"Indeed, Tibet's economy has surpassed China's average growth rate, helped by generous subsidies from Beijing and more than a million tourists a year. The vast rural hinterland shows few signs of this growth, but Lhasa, with its shopping malls, glass-and-steel office buildings, massage parlours and hair saloons, resembles a Chinese provincial city on the make. Beijing hopes that the new rail link to Lhasa, which makes possible the cheap extraction of Tibet's uranium and copper, will bring about kuayueshi fazhan ("leapfrog development") - economic, social and cultural.
For one, the Chinese failed to consult Tibetans about the kind of economic growth they wanted. In this sense, at least, Tibetans are not much more politically impotent than the hundreds of millions of hapless Chinese uprooted by China's Faustian pact with consumer capitalism. The Tibetans share their frustration with farmers and tribal peoples in the Indian states of West Bengal and Orissa, who, though apparently inhabiting the world's largest democracy, confront a murderous axis of politicians, businessmen, and militias determined to corral their ancestral lands into a global network of profit."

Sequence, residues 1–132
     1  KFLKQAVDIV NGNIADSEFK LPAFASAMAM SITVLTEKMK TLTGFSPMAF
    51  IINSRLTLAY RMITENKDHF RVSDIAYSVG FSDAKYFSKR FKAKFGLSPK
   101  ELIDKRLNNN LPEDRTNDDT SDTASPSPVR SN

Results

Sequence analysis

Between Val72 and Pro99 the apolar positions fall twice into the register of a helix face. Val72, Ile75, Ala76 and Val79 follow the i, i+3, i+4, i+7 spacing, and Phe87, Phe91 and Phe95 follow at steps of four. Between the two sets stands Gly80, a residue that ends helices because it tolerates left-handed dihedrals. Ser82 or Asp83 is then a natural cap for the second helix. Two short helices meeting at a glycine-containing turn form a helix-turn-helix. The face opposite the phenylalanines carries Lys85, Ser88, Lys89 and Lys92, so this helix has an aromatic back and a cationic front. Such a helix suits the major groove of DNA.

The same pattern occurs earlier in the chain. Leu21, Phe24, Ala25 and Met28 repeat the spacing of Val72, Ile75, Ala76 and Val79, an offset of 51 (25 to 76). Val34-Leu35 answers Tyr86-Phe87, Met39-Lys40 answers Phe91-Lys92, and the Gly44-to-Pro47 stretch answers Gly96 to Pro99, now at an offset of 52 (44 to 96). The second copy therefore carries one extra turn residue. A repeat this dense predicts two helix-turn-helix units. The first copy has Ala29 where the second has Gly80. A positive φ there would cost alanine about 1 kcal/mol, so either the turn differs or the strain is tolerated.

Pankaj Mishra offers another view on Tibet.